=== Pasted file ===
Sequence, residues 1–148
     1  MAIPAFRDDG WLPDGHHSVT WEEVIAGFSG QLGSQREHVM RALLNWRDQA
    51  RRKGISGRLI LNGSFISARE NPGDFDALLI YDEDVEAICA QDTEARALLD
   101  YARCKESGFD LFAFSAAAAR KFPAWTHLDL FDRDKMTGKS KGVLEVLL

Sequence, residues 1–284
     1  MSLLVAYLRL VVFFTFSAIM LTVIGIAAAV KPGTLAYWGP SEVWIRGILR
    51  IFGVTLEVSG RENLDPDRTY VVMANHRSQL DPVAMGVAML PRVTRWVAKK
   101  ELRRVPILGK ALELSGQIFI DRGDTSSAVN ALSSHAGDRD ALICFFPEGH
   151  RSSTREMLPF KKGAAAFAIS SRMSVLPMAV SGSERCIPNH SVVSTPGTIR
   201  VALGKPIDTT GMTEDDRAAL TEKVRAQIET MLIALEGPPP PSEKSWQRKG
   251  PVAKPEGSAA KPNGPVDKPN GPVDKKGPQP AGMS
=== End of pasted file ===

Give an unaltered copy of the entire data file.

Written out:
Sequence, residues 1–148
     1  MAIPAFRDDG WLPDGHHSVT WEEVIAGFSG QLGSQREHVM RALLNWRDQA
    51  RRKGISGRLI LNGSFISARE NPGDFDALLI YDEDVEAICA QDTEARALLD
   101  YARCKESGFD LFAFSAAAAR KFPAWTHLDL FDRDKMTGKS KGVLEVLL

Sequence, residues 1–284
     1  MSLLVAYLRL VVFFTFSAIM LTVIGIAAAV KPGTLAYWGP SEVWIRGILR
    51  IFGVTLEVSG RENLDPDRTY VVMANHRSQL DPVAMGVAML PRVTRWVAKK
   101  ELRRVPILGK ALELSGQIFI DRGDTSSAVN ALSSHAGDRD ALICFFPEGH
   151  RSSTREMLPF KKGAAAFAIS SRMSVLPMAV SGSERCIPNH SVVSTPGTIR
   201  VALGKPIDTT GMTEDDRAAL TEKVRAQIET MLIALEGPPP PSEKSWQRKG
   251  PVAKPEGSAA KPNGPVDKPN GPVDKKGPQP AGMS